I have not joined Weeks 33 or 34 Challenge for two reason: I have been behind due to vacation and I haven’t figured out any ancestors to write about with the two given topics, which were “Defective, Dependent & Delinquent” and “Non-Population”. I have spent my time researching more about William Kerrott, my great-great-great-grandmother’s brother. I have been researching him and his family quite a bit this year. After reading The Night Birds by Thomas Maltman for book group, I realized that William Kerrott and his family moved to Minnesota (from Canada) somewhere near the time of the Indian Uprising that was occurring in Minnesota. And that the family settled only about forty miles away from where the trouble was going on. This totally changed my take on William and led me to more research.
Actually, this led me to think more about William’s wife Margaret Steel. She was born in about 1824 in Ireland. She was about fourteen years younger than her husband. They married in 1839 in Canada and had eight children there. One of their sons, James Kerrott, died in Canada when he was about five years old (in 1854). Margaret was about thirty-two years old when she and William and their children moved to Minnesota in 1856.
What I have learned is that the Dakota Indians lost their rights to their land after signing a treaty in 1851 and the Indians were moved to reservations. The land they lost included Erin township, Rice County, Minnesota, which is where William and Catherine and their family settled in April of 1856. Erin Township was formed in 1856 by Irish immigrants (thus the name Erin).
In October of 1859, William left his family and traveled to New Orleans. His wife Margaret was left with their seven children. She was listed in the 1860 Faribault, Erin, Minnesota Census with the seven children. Margaret was listed as a seamstress. William was in Lake Bolivar Mississippi in 1860 working on the levees. By 1861, William was in Memphis, Tennessee. Also in 1861 William and Margaret’s oldest son, John Kerrott, joined the service to fight in the Civil War, and their oldest daughter, Rosanna, married. In 1862, the next son, Edward, joined the service.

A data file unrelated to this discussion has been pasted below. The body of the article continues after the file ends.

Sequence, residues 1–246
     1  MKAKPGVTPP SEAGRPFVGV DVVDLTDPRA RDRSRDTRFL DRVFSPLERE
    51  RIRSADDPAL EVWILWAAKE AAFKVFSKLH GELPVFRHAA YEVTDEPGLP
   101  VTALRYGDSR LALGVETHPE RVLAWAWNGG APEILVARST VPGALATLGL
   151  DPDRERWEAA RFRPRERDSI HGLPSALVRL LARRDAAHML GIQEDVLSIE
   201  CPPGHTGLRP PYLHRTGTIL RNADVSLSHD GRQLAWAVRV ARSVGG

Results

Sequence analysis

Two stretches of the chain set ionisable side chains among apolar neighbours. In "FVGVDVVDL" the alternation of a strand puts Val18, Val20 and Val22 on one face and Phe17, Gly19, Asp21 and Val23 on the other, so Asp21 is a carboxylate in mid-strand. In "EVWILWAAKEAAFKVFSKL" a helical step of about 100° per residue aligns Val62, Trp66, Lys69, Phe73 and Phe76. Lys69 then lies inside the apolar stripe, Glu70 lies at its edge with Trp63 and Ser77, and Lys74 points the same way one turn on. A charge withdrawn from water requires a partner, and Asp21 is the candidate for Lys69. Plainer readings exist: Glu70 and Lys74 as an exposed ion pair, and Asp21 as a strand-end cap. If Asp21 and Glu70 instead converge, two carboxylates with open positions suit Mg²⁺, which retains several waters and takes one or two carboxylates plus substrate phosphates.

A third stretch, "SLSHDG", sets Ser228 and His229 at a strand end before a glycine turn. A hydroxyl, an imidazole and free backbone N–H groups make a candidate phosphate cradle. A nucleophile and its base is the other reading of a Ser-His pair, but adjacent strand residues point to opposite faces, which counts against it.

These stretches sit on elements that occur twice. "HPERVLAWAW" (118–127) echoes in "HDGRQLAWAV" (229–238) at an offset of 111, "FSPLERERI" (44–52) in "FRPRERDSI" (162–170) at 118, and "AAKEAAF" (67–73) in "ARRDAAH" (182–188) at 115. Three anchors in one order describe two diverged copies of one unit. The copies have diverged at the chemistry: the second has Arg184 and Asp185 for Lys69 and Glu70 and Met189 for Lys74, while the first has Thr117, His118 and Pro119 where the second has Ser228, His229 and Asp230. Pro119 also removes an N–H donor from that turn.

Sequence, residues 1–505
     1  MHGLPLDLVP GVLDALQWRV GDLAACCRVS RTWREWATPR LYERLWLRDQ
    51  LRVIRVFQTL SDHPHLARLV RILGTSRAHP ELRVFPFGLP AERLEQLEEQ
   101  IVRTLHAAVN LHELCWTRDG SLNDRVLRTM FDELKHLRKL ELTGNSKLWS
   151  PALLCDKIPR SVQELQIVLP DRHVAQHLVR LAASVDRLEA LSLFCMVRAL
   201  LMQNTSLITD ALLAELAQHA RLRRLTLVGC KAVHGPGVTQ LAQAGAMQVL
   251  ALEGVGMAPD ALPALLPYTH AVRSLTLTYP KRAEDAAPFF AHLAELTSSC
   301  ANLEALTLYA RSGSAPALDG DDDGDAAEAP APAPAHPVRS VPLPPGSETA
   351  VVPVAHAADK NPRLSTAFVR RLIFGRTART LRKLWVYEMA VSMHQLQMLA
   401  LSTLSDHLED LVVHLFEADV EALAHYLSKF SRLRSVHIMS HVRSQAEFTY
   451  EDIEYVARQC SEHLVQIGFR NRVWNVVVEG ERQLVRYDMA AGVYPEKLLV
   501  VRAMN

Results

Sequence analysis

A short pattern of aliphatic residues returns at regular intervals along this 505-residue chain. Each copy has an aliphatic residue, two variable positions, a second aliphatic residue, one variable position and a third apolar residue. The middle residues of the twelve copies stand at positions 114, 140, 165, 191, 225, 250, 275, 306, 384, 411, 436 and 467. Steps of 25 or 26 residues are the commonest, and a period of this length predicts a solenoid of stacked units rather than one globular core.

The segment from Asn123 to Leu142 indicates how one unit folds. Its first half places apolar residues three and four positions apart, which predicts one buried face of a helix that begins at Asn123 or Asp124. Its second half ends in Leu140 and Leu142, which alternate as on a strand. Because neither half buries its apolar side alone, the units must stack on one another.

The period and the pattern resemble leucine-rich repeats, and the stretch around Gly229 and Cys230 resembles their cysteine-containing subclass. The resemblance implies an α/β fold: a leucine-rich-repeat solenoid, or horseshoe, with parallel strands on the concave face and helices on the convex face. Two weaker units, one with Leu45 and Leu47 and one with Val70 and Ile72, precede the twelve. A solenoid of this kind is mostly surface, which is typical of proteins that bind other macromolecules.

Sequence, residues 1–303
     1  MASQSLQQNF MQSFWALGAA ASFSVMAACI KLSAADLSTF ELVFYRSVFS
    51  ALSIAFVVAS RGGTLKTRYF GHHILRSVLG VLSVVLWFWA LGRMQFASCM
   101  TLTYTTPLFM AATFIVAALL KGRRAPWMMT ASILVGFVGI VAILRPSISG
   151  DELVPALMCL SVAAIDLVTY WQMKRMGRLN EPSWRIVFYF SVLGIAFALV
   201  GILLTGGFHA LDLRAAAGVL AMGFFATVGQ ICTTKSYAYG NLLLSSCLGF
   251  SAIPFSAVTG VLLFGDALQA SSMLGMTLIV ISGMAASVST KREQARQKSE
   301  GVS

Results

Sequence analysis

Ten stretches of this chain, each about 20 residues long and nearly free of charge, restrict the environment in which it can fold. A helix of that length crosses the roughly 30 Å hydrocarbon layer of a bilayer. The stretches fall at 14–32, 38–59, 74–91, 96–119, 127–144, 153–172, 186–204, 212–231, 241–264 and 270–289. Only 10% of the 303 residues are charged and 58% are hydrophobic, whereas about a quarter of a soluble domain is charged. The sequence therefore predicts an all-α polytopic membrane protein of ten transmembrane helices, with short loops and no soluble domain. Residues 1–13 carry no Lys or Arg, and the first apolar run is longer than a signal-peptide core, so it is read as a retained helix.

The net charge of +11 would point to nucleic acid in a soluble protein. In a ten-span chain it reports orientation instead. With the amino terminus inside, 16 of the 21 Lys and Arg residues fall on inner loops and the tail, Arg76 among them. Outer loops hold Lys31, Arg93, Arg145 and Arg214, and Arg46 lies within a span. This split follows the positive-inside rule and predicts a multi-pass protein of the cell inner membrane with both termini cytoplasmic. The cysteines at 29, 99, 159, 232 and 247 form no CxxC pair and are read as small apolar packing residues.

Meanwhile in Minnesota more than one million Dakota Indians were struggling to survive on the reservations and were starving. Six weeks of war broke out in August of 1862, when four Dakota Hunters killed five white settlers in Acton Township, about one hundred miles northwest of Erin. By December of 1862 thirty-eight Dakota Indians were hanged in Mankato and most of the remaining Dakotas were forced to leave Minnesota. Many people, both whites and Indians had been killed or left Minnesota. Meanwhile, where was William Kerrott? Still working in Memphis. And Margaret was still in Minnesota with the four children still living with her.
William Kerrott did not return to Erin, Minnesota until 1868. By that time, Margaret had had enough and in 1865 she had moved to Chicago Illinois with the children.
She was listed in the Chicago City Directory in 1865. In the 1870 Chicago Illinois Census Margaret was listed with her sons William and Charles. The 1880 Chicago Census showed her living there with her son Charles and daughter Mary. Charles was a bookkeeper and Mary was a seamstress.
Sadly, Margaret Steel Kerrott died in January of 1881 at the age of fifty-seven.
I can’t even fathom what it must have been like for Margaret to be left in the wild frontier of Minnesota from 1859 to 1865 (when she moved to Chicago) with her small children trying to survive Indian Wars, winters, hardships, etc.